Adversaries are increasingly using drive‐by download techniques to deliver malicious software that compromises computers. This document explains how drive‐by downloads operate and how compromise from these techniques can be mitigated.
This publication discusses how drive-by download intrusions work and provides guidance to mitigate these intrusion techniques.
First published 2012; Latest version April 2019
What happens in a drive-by download?
A drive‐by download occurs when a user visits a legitimate but compromised website. When the user accesses the website, an adversary’s malicious code exploits weaknesses or other security vulnerabilities in the user’s web browser or web browser plug‐ins allowing the download of malicious files to the user's computer. The downloaded files enable the adversary to have full access and control of the user's computer, either to steal valuable information or to launch denial-of-service attacks against other users on the Internet.
Another form of a drive‐by download is ‘malvertisement’, which is commonly Flash Player-based and takes advantage of unpatched software. Disguised as legitimate advertisers, an adversary implants their malicious software in an advertisement on a legitimate website. When a user views the advertisement, the malware infects their computer.
Most drive‐by downloads require scripts to be loaded from third party websites. An adversary can inject inline frame codes into legitimate websites, which then load malicious software hosted on other websites operated by the adversary when a compromised website is visited.
Search Engine Optimisation (SEO) is another technique often used in conjunction with a drive‐by download exploit. SEO increases a website’s visibility in a search engine. Generally, the higher or more often a website appears in a search result, the more traffic the website is likely to receive from the search engine’s users. An adversary can use SEO to promote their malicious websites in search engines to increase the chance of getting traffic to their website for the exploit to occur.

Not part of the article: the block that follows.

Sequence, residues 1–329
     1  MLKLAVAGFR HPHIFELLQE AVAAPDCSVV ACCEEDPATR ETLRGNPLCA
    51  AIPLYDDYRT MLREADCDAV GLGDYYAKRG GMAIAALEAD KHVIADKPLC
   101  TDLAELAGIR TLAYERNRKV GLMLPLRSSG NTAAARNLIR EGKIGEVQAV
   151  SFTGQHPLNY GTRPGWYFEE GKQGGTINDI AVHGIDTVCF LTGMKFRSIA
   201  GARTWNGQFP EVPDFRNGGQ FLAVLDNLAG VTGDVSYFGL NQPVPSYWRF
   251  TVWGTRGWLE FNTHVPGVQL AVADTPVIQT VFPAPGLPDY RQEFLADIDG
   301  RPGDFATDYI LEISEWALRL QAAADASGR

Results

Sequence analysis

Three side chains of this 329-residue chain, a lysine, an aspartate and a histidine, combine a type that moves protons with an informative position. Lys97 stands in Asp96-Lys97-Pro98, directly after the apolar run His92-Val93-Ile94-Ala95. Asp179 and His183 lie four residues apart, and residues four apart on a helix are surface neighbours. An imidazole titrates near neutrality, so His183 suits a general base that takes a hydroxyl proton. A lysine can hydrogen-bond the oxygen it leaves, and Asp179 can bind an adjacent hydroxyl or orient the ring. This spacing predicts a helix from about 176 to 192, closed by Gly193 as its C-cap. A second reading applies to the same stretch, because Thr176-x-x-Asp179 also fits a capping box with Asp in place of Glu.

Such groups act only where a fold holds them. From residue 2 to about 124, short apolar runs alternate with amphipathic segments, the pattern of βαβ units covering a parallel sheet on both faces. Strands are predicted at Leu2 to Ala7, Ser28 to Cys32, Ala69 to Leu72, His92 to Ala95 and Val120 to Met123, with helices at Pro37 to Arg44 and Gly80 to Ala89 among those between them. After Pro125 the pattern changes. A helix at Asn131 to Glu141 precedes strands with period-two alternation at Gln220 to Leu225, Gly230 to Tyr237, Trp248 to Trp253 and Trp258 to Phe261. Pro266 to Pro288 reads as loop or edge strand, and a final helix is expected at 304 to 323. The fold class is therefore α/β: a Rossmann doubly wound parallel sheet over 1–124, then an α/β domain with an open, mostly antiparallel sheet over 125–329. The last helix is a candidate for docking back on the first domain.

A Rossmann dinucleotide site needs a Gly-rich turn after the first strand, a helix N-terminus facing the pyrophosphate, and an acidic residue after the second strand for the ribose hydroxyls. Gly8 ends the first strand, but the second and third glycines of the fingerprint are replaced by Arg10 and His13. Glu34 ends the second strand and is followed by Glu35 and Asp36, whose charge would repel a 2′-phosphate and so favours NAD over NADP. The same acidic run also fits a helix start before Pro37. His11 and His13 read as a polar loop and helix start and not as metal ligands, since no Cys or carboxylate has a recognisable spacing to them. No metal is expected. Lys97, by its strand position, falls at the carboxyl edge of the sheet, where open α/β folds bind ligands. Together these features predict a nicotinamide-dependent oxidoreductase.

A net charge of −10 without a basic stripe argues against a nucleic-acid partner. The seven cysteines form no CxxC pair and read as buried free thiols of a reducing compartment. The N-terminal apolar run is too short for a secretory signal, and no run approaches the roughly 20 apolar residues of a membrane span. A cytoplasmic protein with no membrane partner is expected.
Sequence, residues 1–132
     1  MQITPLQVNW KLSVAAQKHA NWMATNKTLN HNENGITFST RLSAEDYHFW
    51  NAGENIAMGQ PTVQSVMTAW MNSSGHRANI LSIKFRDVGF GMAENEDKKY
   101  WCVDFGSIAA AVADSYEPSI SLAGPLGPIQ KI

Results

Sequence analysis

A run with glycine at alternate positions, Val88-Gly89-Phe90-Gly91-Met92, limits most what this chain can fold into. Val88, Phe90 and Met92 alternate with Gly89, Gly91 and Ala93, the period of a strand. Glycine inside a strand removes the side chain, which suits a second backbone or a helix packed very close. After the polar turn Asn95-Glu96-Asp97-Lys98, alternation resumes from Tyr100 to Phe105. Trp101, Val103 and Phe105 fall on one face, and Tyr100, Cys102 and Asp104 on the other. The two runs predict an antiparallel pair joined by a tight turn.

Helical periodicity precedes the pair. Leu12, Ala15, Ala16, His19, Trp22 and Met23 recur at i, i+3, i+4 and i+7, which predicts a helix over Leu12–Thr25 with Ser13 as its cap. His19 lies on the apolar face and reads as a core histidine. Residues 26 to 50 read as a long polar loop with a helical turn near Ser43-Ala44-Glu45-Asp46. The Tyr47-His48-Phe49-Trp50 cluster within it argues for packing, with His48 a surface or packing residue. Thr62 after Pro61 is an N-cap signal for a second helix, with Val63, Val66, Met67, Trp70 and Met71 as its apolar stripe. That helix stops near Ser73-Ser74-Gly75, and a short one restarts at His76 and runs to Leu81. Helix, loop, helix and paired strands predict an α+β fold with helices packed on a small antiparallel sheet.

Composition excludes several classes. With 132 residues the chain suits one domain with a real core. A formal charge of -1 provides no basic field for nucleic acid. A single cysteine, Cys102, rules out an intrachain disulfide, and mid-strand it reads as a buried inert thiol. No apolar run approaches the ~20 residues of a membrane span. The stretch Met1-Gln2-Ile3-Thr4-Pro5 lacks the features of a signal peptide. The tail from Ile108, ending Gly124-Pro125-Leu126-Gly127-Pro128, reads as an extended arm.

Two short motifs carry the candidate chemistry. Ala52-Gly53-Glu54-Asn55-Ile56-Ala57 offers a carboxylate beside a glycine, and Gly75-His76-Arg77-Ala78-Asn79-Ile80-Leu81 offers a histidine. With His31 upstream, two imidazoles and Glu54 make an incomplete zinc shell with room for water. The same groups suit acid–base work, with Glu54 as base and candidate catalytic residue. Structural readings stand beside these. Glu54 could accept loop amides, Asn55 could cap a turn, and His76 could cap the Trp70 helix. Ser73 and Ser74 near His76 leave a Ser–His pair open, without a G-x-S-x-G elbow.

There are malware kits available which target specific web browsers or software flaws, including Adobe Reader, Microsoft Internet Explorer and web browser plug‐ins. The server to which these kits are connected can use HTTP request headers from a web browser, to determine which specific exploits are most likely to work on a user’s computer.
Mitigating drive-by downloads
To mitigate drive‐by downloads, the following mitigation strategies should be implemented:
- Implement application whitelisting. In many successful cyber security incidents application whitelisting would have been the only mitigation strategy able to stop drive-by downloads from executing malicious software.Patch applications and operating system security vulnerabilities, especially Java and Flash. Old versions of applications are more vulnerable to drive-by downloads. Keep all applications up-to-date.
- Minimise the use of domain and administrator privileges. Limit the ability for users with domain or administrator privileges to have access to email and the Internet by employing separate unprivileged workstations or accounts for these purposes.
Organisations should also consider implementing the following mitigation strategies:
- Implement domain whitelisting for all domains, including HTTPS domains, to only allow trusted domains to be accessed by users. This will not prevent drive‐by downloads but it will prevent secondary malicious websites from loading.
- Install and maintain updated antivirus software capable of scanning internet traffic and detecting exploits.
The Australian Government Information Security Manual (ISM) assists in the protection of information that is processed, stored or communicated by organisations’ systems. It can be found at https://www.cyber.gov.au/ism.
The Strategies to Mitigate Cyber Security Incidents complements the advice in the ISM. The complete list of strategies can be found at https://www.cyber.gov.au/publications/strategies-to-mitigate-cyber-security-incidents.